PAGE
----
Comments in the open thread drew my (and Craig’s) attention to Sarah Baxter’s refreshingly straightforward piece in the Sunday Times. A good piece that more than fleshes out my own curt observation in a recent post.
“The pious men of Gilead show the same respect for women in their power as rapist grooming gangs. But the “sisterhood” that provides Atwood with her fan base doesn’t like banging on about it — so she doesn’t either.
"Brave Muslim women understand what they’re up against. Ayaan Hirsi Ali, who had to flee to Holland and then to America — just as the fictional Offred had to seek refuge in Canada — wrote in response to The New York Times’s tweet, “19 Muslim men hijacked four airplanes . . . inspired by their prophet and driven by jihadist ardour . . . Let’s not whitewash that plain truth.”
The ever-changing content within the Guardian’s section in our sidebar led me to this piece by Nosheen Iqbal. I find this chilling for several reasons and I mention it here because it is tangentially relevant to the above.
|This is the image they chose to illustrate this article|
It seems to me - forgive me if I’ve got it all wrong - that Muslim teenagers, or whoever this project is aimed at, are so spooked by the idea that the government is funding a perfectly well-meant programme of assimilation, that they are up in arms. How dare “non-Muslims” interfere with our … what? Faith? Muslimness? Right to spurn “British values”?
“A Muslim online lifestyle platform targeting British teenagers is covertly funded by the Home Office’s counter-extremism programme, the Observer has learned.
The revelation about funding of the project has led to a row between its owners, a former Muslim employee and its Muslim audience.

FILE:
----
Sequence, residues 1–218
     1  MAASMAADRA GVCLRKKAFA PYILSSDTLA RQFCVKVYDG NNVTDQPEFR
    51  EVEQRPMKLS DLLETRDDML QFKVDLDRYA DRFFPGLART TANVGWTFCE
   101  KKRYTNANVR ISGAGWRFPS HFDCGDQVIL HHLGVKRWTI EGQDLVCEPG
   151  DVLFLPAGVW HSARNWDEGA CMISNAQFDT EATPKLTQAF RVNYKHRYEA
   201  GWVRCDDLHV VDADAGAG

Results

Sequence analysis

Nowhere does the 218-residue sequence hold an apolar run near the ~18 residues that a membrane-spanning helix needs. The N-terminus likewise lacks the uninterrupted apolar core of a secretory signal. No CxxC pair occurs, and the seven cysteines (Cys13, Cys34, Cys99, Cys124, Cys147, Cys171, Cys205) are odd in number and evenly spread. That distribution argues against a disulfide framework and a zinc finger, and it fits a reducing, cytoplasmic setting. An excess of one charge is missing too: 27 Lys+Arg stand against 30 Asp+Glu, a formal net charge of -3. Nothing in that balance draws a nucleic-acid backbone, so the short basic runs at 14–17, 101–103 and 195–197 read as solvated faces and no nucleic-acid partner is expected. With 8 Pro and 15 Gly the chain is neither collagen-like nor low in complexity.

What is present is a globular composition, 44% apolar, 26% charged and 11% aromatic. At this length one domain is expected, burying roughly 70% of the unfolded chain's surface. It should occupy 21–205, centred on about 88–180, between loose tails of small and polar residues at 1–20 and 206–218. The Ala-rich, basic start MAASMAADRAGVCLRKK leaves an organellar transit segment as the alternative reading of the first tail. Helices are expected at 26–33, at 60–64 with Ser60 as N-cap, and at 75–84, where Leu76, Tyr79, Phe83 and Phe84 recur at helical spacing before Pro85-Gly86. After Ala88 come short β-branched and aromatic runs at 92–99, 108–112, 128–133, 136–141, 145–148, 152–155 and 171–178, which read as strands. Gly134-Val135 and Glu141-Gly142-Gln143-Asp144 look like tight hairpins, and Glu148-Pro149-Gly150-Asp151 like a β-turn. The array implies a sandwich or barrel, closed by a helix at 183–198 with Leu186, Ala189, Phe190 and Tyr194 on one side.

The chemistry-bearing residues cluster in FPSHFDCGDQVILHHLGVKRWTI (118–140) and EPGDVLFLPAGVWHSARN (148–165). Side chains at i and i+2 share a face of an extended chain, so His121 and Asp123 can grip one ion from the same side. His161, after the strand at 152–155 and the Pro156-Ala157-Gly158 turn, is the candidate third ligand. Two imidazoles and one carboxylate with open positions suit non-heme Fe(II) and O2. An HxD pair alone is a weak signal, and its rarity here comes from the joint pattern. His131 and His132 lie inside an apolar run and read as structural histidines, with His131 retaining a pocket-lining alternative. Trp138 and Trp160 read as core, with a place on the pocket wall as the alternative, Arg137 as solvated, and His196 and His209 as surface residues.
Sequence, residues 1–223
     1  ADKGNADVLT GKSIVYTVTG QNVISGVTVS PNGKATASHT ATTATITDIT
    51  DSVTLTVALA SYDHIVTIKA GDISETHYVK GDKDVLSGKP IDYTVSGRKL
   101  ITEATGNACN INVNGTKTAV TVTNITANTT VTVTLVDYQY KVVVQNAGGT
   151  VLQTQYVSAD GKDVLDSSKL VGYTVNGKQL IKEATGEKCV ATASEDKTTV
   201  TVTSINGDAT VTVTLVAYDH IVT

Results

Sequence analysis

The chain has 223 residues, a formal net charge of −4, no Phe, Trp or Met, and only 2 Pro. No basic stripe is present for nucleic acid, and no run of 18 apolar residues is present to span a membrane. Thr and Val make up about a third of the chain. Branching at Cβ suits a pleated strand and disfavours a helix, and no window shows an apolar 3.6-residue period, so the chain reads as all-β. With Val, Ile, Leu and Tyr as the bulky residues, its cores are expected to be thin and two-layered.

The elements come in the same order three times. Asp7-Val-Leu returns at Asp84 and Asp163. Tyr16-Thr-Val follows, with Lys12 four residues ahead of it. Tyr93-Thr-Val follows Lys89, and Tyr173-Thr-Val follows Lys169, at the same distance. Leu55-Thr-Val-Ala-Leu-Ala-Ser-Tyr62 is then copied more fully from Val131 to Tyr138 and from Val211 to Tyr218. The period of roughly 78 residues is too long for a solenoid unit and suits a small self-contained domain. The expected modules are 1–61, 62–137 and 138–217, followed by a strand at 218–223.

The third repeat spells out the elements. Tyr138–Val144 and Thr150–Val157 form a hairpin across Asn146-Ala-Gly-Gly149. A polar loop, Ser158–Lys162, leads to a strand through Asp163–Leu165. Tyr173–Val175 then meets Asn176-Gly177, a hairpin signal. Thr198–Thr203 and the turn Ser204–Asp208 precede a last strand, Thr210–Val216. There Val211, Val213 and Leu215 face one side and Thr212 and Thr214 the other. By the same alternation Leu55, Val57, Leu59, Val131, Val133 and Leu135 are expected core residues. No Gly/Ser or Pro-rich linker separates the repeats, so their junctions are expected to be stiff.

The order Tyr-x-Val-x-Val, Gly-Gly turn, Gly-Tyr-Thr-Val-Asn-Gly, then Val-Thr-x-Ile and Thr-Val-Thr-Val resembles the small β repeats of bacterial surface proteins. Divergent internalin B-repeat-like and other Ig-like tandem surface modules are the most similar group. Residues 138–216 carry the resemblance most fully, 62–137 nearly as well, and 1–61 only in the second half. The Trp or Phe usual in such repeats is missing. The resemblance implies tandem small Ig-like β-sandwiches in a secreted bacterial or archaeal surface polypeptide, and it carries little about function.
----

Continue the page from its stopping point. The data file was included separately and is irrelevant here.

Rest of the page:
“But after realising that recent funding for the project was coming from Building a Stronger Britain Together (BSBT), an arm of the government’s counter-extremism strategy, readers expressed anger and accused its directors of betraying the Muslim community. Two Muslim employees have since resigned.”
However, SuperSisters is left battling the widespread suspicion that it was purposely designed to promote a state-approved notion of the Islamic faith with the potential to track its target audience of British Muslim girls aged 13 to 19. One reader, Aeysh Ahmed, wrote on Instagram: “I am actually shocked ... it’s deeply problematic that non-Muslims feel they have the right to define what our unified identity is.” Another user, @the_hybrid_life, said: “This is truly shocking and disturbing and feels entirely like a violation.”
Counter-extremism is a betrayal? This may not have direct relevance to the BBC but the Guardianesque default Islamophilic attitude is one of the BBC’s principal influences.
Are we allowed to question the Muslim community’s desire to resist assimilation?